We’ve all met one – the forceful, unyielding woman. Usually belittling, sometimes talented and almost never humble, the stereotypical diva is commonplace in American culture. Back in the day, we had the likes of Tina Turner and Cher. Now, we hear horror stories of Mariah Carey or JLo showcasing their diva-like attitudes for all of us to gawk at. The diva is not historically a vision of fragile femininity of which our society praises.

The first time my 18 month old daughter was called a diva, I paused. Looking straight into the eyes in front of me, I looked for hints of an insult. I knew what they meant – my toddler was different. She liked things a certain way and didn’t want other small kids to mess with them. Actually, she didn’t like toddlers at all. They invaded her personal space, snatched things out of her hands and didn’t communicate well. While other toddlers were screaming incoherently, my kid was putting two and three word sentences together. However, when she hit her toddler breaking point, the diva emerged – complete with tantrums and violent behaviors. It wasn’t pretty.

Those days were rough for me, as a new mom. My daughter, now three years old, would thrive during our one-on-one time but, essentially, would become hostile when strangers approached. She didn’t smile or laugh with others, making it difficult for our families to connect with her. She was, and continues to be, extremely keen and observant – she would absorb any lesson I created for her – but her diva-like behavior made it difficult for us to socialize.

Eventually, she outgrew the severity of this behavior, but she still likes things a certain way. And, no longer a new mom, I’ve come to really dig her diva’s confidence. Growing up in a traditional Latino family, the cultural norm for kids was to be seen (and be cute), but not heard. By cute, I mean respectful. There was not a lot of wiggle room in our behavioral expectations. And while I do appreciate the foundation of great manners instilled in me, I have a hard time saying no or standing my ground. As a woman trying to achieve success, those are not great personality traits to possess.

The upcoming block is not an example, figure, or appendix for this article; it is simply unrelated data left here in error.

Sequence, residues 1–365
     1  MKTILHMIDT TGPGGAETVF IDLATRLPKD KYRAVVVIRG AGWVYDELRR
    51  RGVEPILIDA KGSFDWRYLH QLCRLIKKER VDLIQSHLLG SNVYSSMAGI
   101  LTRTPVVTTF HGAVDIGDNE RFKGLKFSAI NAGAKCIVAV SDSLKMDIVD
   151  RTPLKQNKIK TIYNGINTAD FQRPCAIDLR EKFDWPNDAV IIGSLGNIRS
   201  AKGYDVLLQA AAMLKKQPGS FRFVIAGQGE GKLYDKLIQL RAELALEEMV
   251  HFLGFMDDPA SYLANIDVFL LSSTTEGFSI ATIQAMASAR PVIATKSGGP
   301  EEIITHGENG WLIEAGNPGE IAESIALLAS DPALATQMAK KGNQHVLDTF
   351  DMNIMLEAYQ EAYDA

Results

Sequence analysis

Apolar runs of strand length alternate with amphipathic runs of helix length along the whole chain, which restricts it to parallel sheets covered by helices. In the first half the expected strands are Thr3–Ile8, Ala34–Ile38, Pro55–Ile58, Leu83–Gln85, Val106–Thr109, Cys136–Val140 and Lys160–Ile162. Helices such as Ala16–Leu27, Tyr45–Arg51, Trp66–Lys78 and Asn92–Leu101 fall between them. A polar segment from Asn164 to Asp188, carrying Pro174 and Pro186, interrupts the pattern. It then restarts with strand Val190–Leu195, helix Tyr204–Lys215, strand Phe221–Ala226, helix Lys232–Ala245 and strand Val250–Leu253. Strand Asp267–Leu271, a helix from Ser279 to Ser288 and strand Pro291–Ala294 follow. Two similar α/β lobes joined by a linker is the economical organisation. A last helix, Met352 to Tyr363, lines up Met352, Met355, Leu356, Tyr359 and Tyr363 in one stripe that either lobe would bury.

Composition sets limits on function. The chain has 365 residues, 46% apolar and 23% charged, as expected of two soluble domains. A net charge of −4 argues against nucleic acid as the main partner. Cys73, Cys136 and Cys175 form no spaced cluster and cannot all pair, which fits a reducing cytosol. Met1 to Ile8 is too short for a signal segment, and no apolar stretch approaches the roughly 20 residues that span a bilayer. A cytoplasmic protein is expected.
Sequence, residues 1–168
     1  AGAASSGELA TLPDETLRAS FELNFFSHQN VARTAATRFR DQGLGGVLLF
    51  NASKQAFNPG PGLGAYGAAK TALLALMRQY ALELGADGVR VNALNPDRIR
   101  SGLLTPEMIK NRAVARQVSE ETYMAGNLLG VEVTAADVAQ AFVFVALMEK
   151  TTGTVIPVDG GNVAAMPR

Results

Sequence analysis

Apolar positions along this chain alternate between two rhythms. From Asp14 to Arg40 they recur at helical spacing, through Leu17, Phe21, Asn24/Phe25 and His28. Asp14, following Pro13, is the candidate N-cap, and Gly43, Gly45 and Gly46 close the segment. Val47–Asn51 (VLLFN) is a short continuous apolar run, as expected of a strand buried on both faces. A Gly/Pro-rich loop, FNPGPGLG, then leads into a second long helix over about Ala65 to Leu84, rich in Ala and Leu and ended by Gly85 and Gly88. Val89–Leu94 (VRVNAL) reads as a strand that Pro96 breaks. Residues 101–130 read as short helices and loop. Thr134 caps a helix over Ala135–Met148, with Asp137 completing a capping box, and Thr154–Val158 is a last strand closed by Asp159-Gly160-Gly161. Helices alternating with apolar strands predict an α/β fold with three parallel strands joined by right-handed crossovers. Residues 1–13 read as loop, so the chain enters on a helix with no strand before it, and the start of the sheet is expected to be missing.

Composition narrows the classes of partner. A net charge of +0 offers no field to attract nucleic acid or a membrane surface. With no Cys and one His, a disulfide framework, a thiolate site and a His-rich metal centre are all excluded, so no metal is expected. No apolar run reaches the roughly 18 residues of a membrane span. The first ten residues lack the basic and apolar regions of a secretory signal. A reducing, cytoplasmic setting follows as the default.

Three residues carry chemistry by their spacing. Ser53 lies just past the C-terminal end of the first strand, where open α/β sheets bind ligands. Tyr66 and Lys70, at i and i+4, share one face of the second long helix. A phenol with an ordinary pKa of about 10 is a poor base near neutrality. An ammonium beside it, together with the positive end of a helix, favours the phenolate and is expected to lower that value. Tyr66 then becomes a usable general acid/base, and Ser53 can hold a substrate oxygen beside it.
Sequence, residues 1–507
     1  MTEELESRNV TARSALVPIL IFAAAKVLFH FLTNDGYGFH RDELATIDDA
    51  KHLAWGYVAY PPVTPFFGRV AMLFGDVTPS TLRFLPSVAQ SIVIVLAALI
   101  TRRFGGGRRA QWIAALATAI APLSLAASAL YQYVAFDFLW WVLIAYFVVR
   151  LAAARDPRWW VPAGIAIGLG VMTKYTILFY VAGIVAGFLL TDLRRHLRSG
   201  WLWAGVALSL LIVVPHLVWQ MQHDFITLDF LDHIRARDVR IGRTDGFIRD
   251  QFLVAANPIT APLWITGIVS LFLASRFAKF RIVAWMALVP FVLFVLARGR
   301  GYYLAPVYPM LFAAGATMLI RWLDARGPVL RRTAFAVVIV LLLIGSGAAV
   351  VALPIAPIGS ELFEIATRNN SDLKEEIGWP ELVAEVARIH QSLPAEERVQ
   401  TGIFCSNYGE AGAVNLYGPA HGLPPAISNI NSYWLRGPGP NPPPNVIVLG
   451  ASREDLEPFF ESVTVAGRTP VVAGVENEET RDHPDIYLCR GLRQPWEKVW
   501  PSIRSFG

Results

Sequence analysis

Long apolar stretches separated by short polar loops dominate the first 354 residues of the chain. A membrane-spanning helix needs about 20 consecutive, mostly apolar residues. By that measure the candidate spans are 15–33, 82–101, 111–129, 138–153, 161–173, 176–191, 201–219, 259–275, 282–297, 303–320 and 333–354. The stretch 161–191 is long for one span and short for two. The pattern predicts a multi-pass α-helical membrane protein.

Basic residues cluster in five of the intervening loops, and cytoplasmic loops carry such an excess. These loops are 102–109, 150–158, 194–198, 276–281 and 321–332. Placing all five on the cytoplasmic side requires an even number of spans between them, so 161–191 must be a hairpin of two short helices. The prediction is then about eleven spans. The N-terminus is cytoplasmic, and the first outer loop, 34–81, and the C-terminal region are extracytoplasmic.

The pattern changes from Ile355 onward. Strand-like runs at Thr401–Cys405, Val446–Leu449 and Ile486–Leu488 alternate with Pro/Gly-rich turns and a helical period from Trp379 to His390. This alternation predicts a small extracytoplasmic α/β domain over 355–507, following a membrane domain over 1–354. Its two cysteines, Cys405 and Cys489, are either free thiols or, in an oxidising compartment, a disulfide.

How to raise a diva - Voices from the Ville

As I continue to raise my baby diva, I knowingly caress the parts of her personality that create confidence and strength. I refuse to shush her just because she’s a kid without a well-thought out idea. I let her make choices – from her breakfast to her hairstyle – sometimes, what she says goes. And, most importantly, I listen. Because, while it’s not always a good thing, a true diva knows that when she talks, people listen.

Tempered with my Latino cultural background of respect and manners, my hope is that my little girl continues to grow into her diva-like confidence. I hope that, as an adult, she can assert herself, be clear of her strengths and skill sets, and not feel diminished by nay-sayers. Owning a diva attitude can be an amazing thing. If squaring your shoulders and raising your chin, while facing the world with a positive attitude, is being a diva – then go ahead, baby girl – own your inner diva!

You can read more by Vanessa at De Su Mama.

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Vanessa Bell

Vanessa Bell


Vanessa Bell is building a legacy at De Su Mama, where she writes letters to her bicultural and biracial children. She documents their legacy through explorations of identity, food culture and family travel. She also loves photography. Vanessa resides in Las Vegas, Nevada with her husband and two children, Alina and Sebastian.